Golem Lives with Karla Diaz

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Day Three

I look into the eyes of the people of Prague to see if I can recognize any traces of the Golem. According to legend, he was a man-like figure made of the earth. What does a Golem look like now? Will I recognize him if I saw him? Will I know him when he speaks? Everywhere I go I look for him. Today I went to a store by the apartment run by an older couple. They sell bread, milk, ice cream, newspapers, magazines and underwear. The older man looks at me, without smiling he charges me for the ice cream and gives me my change. It so hot, the ice cream begins to melt in my hand. His silent, sunken eyes remind me of my grandfather in Mexico. Both of them embodying that insider look of struggle and skepticism. Who is really a Golem? According to Jewish legend, the Golem still lives in Prague, having escaped the fires set up by the Nazis to destroy the Jewish people. It’s interesting to me, this idea that the Golem is embodied in the one that survived because there is still the possibility that he is still living. Mario and I begin drawing and selecting images for our mural. We chose images to represent emblems of survival in Los Angeles. For both of us it has been surviving violence. We choose images that are common iconographies, or images that speak this street-language. The act of painting it is the act of calling the Golem to rise.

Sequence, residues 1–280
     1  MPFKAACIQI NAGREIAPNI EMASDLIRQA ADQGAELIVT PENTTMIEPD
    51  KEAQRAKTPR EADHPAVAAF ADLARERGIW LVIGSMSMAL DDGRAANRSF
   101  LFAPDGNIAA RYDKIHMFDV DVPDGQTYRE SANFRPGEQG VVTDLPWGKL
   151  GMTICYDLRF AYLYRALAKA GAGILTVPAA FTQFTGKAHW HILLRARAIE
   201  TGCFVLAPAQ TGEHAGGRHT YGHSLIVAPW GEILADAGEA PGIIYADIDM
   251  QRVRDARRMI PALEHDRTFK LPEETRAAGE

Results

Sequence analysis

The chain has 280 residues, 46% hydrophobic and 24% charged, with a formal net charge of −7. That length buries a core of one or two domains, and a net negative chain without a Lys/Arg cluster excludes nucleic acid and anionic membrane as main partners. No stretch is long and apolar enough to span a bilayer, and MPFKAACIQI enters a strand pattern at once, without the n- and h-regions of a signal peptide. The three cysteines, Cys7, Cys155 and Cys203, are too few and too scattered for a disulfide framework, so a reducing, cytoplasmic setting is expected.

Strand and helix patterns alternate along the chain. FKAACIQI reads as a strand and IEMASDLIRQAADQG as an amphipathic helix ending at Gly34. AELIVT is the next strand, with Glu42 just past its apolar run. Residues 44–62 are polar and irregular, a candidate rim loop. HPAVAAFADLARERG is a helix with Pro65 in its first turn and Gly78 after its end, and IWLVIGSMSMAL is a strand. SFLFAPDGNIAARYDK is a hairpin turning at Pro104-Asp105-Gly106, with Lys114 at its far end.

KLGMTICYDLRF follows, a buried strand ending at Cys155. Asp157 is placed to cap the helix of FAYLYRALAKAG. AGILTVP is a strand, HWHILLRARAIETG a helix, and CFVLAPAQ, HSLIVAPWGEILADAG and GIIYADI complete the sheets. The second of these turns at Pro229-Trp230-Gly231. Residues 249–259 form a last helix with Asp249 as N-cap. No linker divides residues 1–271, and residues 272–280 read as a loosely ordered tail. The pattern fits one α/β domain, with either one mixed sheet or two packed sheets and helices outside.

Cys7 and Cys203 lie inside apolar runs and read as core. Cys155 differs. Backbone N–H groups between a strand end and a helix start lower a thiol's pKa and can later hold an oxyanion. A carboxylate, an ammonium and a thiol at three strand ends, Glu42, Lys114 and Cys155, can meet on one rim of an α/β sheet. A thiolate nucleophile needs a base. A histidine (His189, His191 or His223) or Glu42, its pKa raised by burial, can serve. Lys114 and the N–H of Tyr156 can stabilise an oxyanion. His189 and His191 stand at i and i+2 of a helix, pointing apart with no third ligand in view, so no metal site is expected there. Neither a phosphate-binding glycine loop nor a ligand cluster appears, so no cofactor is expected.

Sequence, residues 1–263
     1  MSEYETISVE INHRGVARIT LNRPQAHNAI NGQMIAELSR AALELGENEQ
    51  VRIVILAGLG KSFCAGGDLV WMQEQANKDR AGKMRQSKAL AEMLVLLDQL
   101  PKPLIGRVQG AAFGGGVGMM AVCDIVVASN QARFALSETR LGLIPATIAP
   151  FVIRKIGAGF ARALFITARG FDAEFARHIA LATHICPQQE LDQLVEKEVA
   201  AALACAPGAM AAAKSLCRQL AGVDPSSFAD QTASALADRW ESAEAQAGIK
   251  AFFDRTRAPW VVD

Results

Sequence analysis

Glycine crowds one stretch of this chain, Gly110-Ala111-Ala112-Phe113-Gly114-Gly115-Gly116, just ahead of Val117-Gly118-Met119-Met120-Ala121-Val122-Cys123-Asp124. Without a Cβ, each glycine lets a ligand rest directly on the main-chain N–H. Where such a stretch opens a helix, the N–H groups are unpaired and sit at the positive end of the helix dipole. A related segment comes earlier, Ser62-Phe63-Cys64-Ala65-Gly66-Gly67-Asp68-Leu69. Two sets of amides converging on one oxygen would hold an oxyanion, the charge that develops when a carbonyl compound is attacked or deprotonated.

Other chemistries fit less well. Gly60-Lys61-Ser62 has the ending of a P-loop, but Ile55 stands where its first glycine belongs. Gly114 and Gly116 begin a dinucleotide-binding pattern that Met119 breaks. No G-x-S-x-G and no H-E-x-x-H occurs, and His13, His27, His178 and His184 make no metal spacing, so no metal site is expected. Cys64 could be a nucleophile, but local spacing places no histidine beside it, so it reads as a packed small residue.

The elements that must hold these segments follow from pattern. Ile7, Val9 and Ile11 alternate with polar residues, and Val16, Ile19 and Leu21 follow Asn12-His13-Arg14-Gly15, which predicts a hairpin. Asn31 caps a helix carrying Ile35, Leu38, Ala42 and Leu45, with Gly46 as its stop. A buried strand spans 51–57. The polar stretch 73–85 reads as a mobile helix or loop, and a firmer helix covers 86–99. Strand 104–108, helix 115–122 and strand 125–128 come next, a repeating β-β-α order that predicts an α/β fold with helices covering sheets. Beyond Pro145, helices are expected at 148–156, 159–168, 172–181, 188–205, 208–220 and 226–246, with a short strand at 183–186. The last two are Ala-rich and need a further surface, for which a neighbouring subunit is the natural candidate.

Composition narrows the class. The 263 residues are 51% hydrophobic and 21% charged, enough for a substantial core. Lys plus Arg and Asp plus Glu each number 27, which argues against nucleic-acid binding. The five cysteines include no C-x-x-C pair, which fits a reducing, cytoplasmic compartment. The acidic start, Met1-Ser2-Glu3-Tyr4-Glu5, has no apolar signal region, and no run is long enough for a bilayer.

During the painting of the mural, other women whisper to me how great it is that I am painting, moving ladders and doing the same thing as the man artists are doing. I don’t quite understand what they mean at that moment, partly because they are speaking in another language. But then I realize what they mean. In the art world, there is a small group of women artists represented in major exhibitions. I realize how important it is for me to be a part of this. I began to think that I have been looking in all the wrong places, accepting a notion of the golem being a man figure. Could the Golem ultimately be a feminist perspective on man and humanity? The golem of Prague seems to be lacking both male and female stereotypical traits, emotion and intellect. Could the Golem of Prague be a representation of woman’s critique on how women are pushed by man to have a non-human existence? To get a clearer perspective on this I interview a young German artist, Christine Wurmell. She is part of a women’s group of artists in the exhibition. I ask her if she thinks women are well represented. She begins to tell me that this is not true. The argument, she says, people tell her is that there are just not good enough women artists. How can women be represented in the arts? How can women and the way they speak about subjectivity be address in an intellectual way that is not deemed predictable, stereotypical of a ”woman’s” work? We chat for a while, showing me her work and sharing her thoughts.